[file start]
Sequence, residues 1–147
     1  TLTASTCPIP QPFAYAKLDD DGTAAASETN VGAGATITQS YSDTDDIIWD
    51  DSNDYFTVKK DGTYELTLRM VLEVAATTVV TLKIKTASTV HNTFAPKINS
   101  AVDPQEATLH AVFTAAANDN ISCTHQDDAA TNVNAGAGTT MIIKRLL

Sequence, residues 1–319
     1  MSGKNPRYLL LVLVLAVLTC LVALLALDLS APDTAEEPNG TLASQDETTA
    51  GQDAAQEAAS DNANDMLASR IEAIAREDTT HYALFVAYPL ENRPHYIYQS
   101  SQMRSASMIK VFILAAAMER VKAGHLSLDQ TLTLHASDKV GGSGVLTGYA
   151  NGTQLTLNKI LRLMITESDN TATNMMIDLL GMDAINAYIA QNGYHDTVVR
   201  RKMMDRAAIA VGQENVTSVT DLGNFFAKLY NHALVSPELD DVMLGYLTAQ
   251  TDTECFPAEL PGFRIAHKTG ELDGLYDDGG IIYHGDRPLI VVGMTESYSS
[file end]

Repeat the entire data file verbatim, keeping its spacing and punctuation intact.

Sequence, residues 1–147
     1  TLTASTCPIP QPFAYAKLDD DGTAAASETN VGAGATITQS YSDTDDIIWD
    51  DSNDYFTVKK DGTYELTLRM VLEVAATTVV TLKIKTASTV HNTFAPKINS
   101  AVDPQEATLH AVFTAAANDN ISCTHQDDAA TNVNAGAGTT MIIKRLL

Sequence, residues 1–319
     1  MSGKNPRYLL LVLVLAVLTC LVALLALDLS APDTAEEPNG TLASQDETTA
    51  GQDAAQEAAS DNANDMLASR IEAIAREDTT HYALFVAYPL ENRPHYIYQS
   101  SQMRSASMIK VFILAAAMER VKAGHLSLDQ TLTLHASDKV GGSGVLTGYA
   151  NGTQLTLNKI LRLMITESDN TATNMMIDLL GMDAINAYIA QNGYHDTVVR
   201  RKMMDRAAIA VGQENVTSVT DLGNFFAKLY NHALVSPELD DVMLGYLTAQ
   251  TDTECFPAEL PGFRIAHKTG ELDGLYDDGG IIYHGDRPLI VVGMTESYSS